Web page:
Enter New Relic

Here at Wix, we’re big on New Relic for monitoring. It’s a pretty robust tool, and we use it on our servers, our web clients, and in the native code of our mobile app for monitoring all kinds of things. Among other things, it allows us to build nice dashboards we can plaster on monitors all around our offices that give us broad overviews of whether we’re in good shape or not.

Oh, and New Relic even has a mobile app for viewing your dashboard as well!

New Relic's android app, "Insights". Photo credit: New Relic, Inc

(Photo credit: New Relic, Inc)

How cool is that? I can obsessively monitor my app's production performance anytime, like when I'm sitting on the bus, talking to my mom, or having sex. Seriously, how great is that? (Just kidding. I’m a nerd, we don’t have sex.)

What I’d really like, then, is a way to get my Sentry data into New Relic so that I could build a dashboard like the one you see above for my JS errors and warnings.

What About Alerts?

Another tool we like to use at Wix is Anodot, an "anomaly detection" tool. That's a fancy way of saying that you report data to them, and (among other things) their algorithms monitor that data and learn to identify the trends they follow. You can set up alerts that will notify you if you when the trends are broken (anomalies), which means you might get notified if you have a jump in errors, for example. They also have dashboard support, but I'm mostly interested in their alert system at this point. After all, I don't really obsessively check the New Relic app while I'm having sex. An email, though, well...that would get my attention. If only there was a way to get my Sentry events into Anodot...

The Solution

Rule number one of using third party services: never put your data anywhere you can’t access via an HTTP API of sorts.

It took me only a few hours to whip up a script that uses the Sentry API to retrieve the last five minutes’ worth of data, filter and aggregate it, and report it to New Relic and Anodot using their respective APIs. Then another few hours to build my dashboards and alerts, and I was done.

That Was Easy

Just kidding, I was just getting started. How was I going to run that script reliably? More importantly, how were YOU going to run that script if it had all my own configuration hard-coded everywhere?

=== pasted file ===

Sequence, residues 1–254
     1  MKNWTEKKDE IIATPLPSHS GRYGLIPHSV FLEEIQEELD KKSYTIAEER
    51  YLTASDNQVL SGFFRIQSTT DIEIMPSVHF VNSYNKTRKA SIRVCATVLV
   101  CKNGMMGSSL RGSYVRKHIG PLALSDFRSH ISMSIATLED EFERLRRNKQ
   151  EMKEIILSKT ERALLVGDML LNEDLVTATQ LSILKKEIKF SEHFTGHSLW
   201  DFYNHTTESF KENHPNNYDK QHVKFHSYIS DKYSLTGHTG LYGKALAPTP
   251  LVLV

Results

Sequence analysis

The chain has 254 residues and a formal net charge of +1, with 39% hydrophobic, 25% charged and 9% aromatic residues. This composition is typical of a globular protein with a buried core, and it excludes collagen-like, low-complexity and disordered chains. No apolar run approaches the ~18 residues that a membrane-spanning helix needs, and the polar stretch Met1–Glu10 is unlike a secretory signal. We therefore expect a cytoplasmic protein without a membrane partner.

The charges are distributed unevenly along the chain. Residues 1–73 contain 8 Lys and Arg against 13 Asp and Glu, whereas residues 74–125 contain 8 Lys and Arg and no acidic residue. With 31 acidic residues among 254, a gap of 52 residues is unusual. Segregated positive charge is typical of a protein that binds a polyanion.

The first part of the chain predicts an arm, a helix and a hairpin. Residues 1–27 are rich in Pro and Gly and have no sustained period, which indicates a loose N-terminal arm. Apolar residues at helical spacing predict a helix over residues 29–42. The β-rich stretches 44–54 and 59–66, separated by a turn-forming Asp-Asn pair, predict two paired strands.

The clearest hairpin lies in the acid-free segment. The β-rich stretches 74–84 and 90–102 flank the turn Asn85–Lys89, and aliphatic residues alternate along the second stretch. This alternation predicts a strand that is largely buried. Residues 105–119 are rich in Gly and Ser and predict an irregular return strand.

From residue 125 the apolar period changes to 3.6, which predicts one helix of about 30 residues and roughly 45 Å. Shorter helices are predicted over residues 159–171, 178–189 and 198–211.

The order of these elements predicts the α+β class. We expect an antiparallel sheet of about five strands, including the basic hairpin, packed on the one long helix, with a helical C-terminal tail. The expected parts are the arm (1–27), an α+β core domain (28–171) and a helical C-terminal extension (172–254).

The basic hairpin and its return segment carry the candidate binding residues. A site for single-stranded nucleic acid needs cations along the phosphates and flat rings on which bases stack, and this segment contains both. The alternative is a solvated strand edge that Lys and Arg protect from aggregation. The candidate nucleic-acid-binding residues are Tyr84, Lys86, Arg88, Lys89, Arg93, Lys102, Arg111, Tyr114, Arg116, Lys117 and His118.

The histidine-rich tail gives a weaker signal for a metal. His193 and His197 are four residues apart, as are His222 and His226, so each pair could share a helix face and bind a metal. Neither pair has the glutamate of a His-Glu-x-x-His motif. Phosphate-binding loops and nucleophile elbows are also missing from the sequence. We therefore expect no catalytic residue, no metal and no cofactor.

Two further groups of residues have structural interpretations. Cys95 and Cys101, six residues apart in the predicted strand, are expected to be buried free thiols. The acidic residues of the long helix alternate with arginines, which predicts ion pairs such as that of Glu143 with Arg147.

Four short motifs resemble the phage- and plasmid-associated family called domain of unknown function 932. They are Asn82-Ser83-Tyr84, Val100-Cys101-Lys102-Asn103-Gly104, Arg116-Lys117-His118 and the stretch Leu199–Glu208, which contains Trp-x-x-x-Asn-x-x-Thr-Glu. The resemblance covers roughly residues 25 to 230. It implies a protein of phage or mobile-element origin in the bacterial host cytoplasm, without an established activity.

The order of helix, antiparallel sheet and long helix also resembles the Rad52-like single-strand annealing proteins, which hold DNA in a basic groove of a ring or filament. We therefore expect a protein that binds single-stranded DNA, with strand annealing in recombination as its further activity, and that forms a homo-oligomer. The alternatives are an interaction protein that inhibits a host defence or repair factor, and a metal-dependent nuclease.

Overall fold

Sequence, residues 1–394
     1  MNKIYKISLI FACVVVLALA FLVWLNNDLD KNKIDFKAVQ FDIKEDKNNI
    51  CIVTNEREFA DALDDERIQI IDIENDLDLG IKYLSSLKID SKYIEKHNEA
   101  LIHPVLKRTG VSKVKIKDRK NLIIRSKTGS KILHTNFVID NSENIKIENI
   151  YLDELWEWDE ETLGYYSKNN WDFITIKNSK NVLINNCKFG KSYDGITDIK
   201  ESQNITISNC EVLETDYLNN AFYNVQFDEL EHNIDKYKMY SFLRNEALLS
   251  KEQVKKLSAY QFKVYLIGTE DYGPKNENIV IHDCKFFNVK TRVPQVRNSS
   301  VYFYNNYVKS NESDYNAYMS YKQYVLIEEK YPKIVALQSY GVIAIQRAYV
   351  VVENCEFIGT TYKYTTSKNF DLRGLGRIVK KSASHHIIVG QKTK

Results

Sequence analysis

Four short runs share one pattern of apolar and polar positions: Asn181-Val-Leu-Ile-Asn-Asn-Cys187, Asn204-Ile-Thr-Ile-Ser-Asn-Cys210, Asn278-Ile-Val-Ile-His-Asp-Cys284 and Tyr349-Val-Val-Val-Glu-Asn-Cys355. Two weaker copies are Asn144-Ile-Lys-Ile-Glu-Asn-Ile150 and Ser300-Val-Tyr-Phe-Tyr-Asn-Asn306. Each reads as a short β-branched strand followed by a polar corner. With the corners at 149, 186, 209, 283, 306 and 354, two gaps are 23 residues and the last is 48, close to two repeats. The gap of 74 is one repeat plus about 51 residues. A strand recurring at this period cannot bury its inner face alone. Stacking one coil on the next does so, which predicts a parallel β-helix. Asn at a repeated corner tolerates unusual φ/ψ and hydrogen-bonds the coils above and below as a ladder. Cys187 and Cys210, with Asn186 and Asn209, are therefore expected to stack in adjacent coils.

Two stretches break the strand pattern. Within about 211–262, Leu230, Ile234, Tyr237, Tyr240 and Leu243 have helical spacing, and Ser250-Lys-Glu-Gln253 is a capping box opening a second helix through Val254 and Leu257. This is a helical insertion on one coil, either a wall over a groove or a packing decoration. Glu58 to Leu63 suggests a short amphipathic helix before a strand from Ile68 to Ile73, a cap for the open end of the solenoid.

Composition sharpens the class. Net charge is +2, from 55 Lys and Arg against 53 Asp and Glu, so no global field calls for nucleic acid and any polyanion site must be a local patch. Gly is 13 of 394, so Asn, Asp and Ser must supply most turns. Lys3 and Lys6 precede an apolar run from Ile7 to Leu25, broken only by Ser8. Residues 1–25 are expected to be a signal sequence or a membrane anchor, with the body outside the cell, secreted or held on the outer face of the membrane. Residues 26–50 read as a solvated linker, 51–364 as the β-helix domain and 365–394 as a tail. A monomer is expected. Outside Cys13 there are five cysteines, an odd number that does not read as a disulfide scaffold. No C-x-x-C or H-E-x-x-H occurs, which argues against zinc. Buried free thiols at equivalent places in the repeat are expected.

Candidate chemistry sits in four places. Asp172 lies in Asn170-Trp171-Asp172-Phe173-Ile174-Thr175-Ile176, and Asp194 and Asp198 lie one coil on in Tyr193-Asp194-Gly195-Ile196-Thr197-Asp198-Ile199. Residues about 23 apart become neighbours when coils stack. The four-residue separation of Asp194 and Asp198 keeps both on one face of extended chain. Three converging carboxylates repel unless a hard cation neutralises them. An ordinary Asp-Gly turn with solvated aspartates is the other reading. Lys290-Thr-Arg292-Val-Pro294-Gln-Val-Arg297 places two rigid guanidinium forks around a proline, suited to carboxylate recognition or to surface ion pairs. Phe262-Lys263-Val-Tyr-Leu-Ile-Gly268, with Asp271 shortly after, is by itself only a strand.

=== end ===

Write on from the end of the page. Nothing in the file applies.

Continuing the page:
(Speaking of basic rules of software development: for every hour you spend hacking together some cool trick that does exactly what you want, budget five hours for making that POC generic, stable, and reliable enough for use in more than your very specific use-case.)

So I spent a while working on that script to turn it into something more robust and generic. It’s still a work in progress, and I welcome your assistance in the form of issues and PRs on GitHub. You can head over to the README there for the full instructions on how to get started, but here’s the basic idea:

Create a simple node web server with the following snippet:

const monitor = require('sentry-monitor');  //this should be obvious, but first you need: npm install --save sentry-monitor

const config = {
  SENTRY_AUTH: 'auth_token_for_sentry_api', //head to Sentry's docs to find this
  NEW_RELIC_AUTH: 'new_relic_insert_key', //NR's docs will explain how to generate this
  NEW_RELIC_ACCOUNT_ID: 'this_is_your_nr_account_id', //appears in pretty much every url inside your NR account
  ANODOT_AUTH: 'auth_token_for_anodot_api', //Anodot's docs explain how to get this
  WSM_AUTH_KEY: 'optional_secret_key_for_security', //see below for explanation
  org: 'your_sentry_org_name', 
  project: 'your_sentry_project_name',
  filters: [
      name: 'TeamA',
      searchTerms: ['items I want to see', 'MORE_ITEMS']
      name: 'TeamB',
      searchTerms: ['data in filters can overlap!']

const app = monitor(config);
app.listen(3000, () => console.log('Listening on port 3000'));

Create a cron job that uses curl to send a POST request to your server every five minutes: